There once was a man who wanted to teach his four sons a valuable lesson: He wanted them to learn how to refrain from passing judgment too quickly. So with this lesson in mind, he sent each of them on a separate quest with the same goal. Each of his sons was to travel, in turn, a great distance to a far off pear tree he knew of. He helped each of them prepare for their journeys, and sent them on their way, one by one.
His oldest son was instructed to go first. He left after the first snow fall, and returned just before spring. The second son embarked on his journey shortly after the arrival of his brother,and returned early summer. The third son left promptly thereafter and was gone for the duration of the summer. The fourth son finally took his turn that autumn,and returned just before winter.
Once all four sons were gathered back home after their journey, their father called them together to describe what they had seen. The first son, who had traveled to the pear tree during the winter, said that the tree was ugly, twisted, and lifeless. The second son, who had been gone that spring, disagreed. He said that the tree was covered with green buds and was full of promise. The third son, who had seen the tree in the summer, said that it was laden with sweet smelling blossoms, and he described it as the most graceful thing he had ever seen. The fourth son disagreed yet again; he said that the tree was bountiful, drooping with fruit, and full of life and fulfillment.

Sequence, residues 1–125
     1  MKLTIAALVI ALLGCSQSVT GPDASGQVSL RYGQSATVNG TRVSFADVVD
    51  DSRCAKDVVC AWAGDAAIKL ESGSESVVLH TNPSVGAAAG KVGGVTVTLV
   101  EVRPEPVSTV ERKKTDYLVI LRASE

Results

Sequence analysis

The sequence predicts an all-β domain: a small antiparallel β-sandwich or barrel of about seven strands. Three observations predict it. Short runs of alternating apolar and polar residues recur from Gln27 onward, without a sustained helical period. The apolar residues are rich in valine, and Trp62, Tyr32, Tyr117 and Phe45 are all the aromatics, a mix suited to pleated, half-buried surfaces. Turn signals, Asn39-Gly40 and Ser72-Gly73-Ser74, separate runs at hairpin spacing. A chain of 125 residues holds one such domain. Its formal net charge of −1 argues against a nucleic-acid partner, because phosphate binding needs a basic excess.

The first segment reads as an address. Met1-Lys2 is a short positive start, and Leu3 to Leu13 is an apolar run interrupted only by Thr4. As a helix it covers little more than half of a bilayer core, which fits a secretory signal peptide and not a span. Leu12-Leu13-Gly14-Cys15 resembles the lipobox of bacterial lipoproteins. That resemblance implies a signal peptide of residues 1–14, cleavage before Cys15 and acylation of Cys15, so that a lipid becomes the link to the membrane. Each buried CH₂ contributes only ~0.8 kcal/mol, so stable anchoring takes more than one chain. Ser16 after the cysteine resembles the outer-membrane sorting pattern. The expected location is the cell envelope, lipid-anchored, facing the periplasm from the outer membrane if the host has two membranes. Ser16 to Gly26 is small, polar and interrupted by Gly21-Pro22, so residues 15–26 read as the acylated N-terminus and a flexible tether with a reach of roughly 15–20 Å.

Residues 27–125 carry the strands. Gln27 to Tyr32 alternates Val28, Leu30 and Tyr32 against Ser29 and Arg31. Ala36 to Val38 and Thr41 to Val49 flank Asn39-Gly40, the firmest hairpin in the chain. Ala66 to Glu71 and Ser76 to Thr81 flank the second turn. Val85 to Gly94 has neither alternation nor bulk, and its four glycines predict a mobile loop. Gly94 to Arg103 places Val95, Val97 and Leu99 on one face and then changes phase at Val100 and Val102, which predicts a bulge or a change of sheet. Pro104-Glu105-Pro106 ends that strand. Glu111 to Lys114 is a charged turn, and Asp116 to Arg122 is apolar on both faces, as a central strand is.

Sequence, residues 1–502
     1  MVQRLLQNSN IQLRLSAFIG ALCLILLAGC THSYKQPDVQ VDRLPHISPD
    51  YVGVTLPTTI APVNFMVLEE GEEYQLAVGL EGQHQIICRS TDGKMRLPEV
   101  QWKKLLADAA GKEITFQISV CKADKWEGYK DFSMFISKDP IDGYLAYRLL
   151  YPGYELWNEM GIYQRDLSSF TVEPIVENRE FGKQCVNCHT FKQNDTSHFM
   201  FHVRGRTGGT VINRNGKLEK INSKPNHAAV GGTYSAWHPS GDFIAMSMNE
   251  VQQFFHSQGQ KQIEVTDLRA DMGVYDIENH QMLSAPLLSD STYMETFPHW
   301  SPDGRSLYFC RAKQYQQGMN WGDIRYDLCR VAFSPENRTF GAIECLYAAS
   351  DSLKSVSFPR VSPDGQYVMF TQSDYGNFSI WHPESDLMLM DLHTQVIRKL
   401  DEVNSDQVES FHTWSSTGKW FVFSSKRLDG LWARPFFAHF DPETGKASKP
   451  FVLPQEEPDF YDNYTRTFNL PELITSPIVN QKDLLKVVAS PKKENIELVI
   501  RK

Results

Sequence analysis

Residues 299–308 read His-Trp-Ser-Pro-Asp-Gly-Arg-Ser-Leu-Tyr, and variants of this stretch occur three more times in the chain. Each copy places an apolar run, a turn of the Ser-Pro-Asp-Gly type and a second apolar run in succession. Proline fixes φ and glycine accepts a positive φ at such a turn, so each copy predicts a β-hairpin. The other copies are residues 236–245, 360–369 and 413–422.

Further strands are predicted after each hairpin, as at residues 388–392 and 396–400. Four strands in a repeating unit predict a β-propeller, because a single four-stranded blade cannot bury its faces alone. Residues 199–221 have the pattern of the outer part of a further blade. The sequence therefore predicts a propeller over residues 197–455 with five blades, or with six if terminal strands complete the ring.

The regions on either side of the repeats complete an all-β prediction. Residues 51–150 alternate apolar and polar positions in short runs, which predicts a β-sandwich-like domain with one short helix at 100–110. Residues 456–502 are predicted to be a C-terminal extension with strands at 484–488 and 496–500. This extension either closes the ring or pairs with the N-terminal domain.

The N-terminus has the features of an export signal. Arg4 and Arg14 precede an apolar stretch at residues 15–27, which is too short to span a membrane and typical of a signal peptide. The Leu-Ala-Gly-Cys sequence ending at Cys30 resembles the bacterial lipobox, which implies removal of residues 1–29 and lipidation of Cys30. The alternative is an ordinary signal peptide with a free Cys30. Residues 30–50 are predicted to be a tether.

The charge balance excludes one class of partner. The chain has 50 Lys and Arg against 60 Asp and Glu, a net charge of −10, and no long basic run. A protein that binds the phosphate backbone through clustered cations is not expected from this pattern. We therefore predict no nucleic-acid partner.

After listening to his sons, the man explained that each of them was right, as they had seen only one season of the tree’s entire life. He asked his sons to imagine what the tree had looked like during the other seasons of its life. How it had looked when it was just a sapling, and what it might look like when it is twisted and old. The man told his sons that they cannot just a tree by only one season. That the essence of that tree, and all that it is has offered in its lifetime, can only be measured when all its seasons have passed.
And so it is with people, is it not? Quite often, we judge ourselves and others too quickly. We base our perceptions on just one season out of many. Too often, we conclude that “what we see (now) is what we (will always) get”. And this is not true. Like the pear tree, we humans have many seasons that we are continuously cycling through. We each experience the harsh resilience of winter, the promise of spring, the beauty of summer, and the fulfillment of autumn. Yet, if we are to judge ourselves too quickly and only acknowledge one season, we lose site of the true meaning and value behind the bigger picture.